Prior to 2011, Canadian students in full-time attendance at a university
outside of Canada were eligible for the Tuition Tax Credit, the Education
Tax Credit, and the Textbook Tax Credit, as long as they were enrolled in a
course lasting at least 13 consecutive weeks and leading to a degree.
Similarly, a Canadian student can currently receive Educational Assistance
Payments (EAPs) from a Registered Education Savings Plan for enrolment at
an educational institution outside Canada that provides courses at a
post-secondary school level, provided the student is enrolled in a
course of not less than 13 consecutive weeks.
However, in light of the fact that many programs at foreign universities
are based on semesters shorter than 13 weeks, changes to the Tax Act
reduced the minimum course-duration requirement from 13. The
13-consecutive-week requirement for EAP purposes was also reduced to three
consecutive weeks when the student is enrolled at a university in a
full-time course. However, from 2017 on, this is only relevant for the
tuition tax credit.
Credit for interest on student loans
A student may also claim a personal tax credit equal to the lowest tax rate (15% for 2017) multiplied by the amount of
interest paid in a year, or any of the previous five years, on a loan made
under the Canada Student Loans Act,Canada Student Financial Assistance Act, Apprentice Loans Act or a similar provincial or territorial
program to students at the post-secondary school level. Unlike the tuition
credit, this credit is not transferable; the claim is available only to the
person who received the loan or who legally owes interest on the loan.
However, the interest may be paid by the student or a person related to the
Note that the credit applies to interest only and not repayment of the
principal. Moreover, it does not apply to interest accrued but not paid or
to any forgiven interest. Institutions administrating the student loans
will usually provide students with statements indicating the eligible
The receipt of the student loans itself is not taxable, i.e., because it is
a loan rather than an income item.
Prior to July 1, 2017, students were able to claim a tax credit for the
cost of monthly or annual public transit passes. However, this credit was
eliminated for transportation that occurs after July 1, 2017 (per the 2017
federal budget). So for 2017, students can at least claim a credit for the
first part of the year for his or her eligible transit costs (and can also
be claimed by a spouse or common-law partner and dependent children under
the age of 19 years).
Tips for filing a student tax return
In order to claim the various credits, the student will need to file a tax
return. Although this may seem like more homework for your child (or, more
likely, you) there are several other advantages that may be available by
filing a tax return, including the following:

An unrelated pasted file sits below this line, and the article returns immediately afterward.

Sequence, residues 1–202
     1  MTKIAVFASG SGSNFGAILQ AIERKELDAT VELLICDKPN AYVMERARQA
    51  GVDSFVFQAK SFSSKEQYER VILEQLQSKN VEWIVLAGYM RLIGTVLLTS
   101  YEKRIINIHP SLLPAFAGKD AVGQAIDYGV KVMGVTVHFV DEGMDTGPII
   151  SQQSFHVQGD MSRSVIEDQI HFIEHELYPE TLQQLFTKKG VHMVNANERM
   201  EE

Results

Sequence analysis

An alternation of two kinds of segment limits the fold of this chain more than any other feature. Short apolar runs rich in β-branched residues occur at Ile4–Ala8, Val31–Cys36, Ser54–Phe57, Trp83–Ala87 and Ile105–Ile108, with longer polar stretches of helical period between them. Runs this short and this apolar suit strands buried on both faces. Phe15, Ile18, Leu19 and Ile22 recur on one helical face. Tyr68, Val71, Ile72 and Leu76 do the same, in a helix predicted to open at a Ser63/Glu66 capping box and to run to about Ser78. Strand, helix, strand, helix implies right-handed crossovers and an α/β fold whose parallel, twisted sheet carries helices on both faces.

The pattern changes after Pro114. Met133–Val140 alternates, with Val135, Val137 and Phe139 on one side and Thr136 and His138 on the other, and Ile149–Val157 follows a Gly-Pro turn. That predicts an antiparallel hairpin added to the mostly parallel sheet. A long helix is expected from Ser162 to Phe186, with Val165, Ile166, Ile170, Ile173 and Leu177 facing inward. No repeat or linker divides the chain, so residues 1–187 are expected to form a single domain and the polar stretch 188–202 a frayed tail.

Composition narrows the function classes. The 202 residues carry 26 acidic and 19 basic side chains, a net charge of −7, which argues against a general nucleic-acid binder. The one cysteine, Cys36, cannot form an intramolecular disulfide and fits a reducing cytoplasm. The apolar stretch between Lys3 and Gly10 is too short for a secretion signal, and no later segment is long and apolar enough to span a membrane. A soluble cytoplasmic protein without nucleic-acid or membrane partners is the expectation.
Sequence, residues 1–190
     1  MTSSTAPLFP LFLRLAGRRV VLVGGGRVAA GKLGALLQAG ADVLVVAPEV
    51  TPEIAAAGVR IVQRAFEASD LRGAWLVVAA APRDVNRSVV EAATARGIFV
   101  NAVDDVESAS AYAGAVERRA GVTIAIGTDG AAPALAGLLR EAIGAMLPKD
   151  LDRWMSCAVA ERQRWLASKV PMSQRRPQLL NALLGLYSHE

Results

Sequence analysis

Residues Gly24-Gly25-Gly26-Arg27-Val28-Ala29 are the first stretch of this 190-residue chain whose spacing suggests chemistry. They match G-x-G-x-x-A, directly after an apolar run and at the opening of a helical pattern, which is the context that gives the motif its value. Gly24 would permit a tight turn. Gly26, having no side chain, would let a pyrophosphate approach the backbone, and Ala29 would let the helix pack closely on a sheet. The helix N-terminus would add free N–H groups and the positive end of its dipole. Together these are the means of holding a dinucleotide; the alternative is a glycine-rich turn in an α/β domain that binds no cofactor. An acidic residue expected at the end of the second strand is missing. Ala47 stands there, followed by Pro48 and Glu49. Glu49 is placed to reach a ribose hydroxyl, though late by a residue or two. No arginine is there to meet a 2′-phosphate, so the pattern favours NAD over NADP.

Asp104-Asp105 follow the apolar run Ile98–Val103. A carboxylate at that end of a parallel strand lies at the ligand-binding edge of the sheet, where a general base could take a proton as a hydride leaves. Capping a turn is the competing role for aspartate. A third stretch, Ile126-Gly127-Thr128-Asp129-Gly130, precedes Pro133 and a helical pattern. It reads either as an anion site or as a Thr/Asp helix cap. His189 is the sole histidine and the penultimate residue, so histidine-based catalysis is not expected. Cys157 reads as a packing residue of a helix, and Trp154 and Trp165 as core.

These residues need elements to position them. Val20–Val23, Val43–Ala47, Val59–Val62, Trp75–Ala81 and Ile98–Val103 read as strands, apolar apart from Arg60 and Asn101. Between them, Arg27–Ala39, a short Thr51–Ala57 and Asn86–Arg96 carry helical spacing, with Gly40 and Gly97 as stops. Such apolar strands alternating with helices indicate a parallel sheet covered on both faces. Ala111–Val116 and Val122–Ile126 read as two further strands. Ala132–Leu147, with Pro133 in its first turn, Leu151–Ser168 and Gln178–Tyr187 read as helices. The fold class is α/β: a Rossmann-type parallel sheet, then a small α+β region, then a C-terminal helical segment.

* Tax refund.
A student can be entitled to a refund of tax that was withheld by an
employer on a summer job. However, this money is not available unless a
return is filed.
Older students may be entitled to receive cash from the government.
Although students will usually not actually owe any tax because of the tax
credits and deductions available, a number of credits are linked to income,
such as GST and provincial tax credits. For example, if you are 19 or over,
you may be eligible for the annual GST/HST Credit, which is paid in
quarterly installments. You apply for it by filing a tax return and
completing the GST/HST application section of the return.
Also, some provinces provide tax credits for low-income taxpayers, which
are paid in the form of a tax refund. Check out what is offered in your
Filing a tax return can establish RRSP “contribution room” – i.e, the
ability to make future contributions to an RRSP. The student does not have
to contribute now, since any unused contribution room can be carried
If students leave home to attend university, they can deduct expenses to
move to the school if they have income from scholarships or a part-time job
at that location. Students can also deduct moving expenses to return home
against income from summer employment. (Note that other deductions, such as
childcare expenses, are available to parents who go back to school).
Expenses may include temporary accommodation near the old or new residence
(up to 15 days), gas, meals and lodging en route. If the move is
farther afield, don’t forget plane fare.
Samantha Prasad, LL.B., is a Partner with Toronto law firm
Minden Gross LLP, a Meritas Law Firm Worldwide affiliate, and specializes in corporate,
estate, and international tax planning. She writes frequently on tax
issues, and is the co-editor of various
Wolters Kluwer Ltd. tax publications. Portions of this article first appeared in The TaxLetter, © 2017 by
MPL Communications Ltd. Us
ed with permission.
© 2017 by Fund Library. All rights reserved. Reproduction in whole or in
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The foregoing is for general information purposes only and is the opinion
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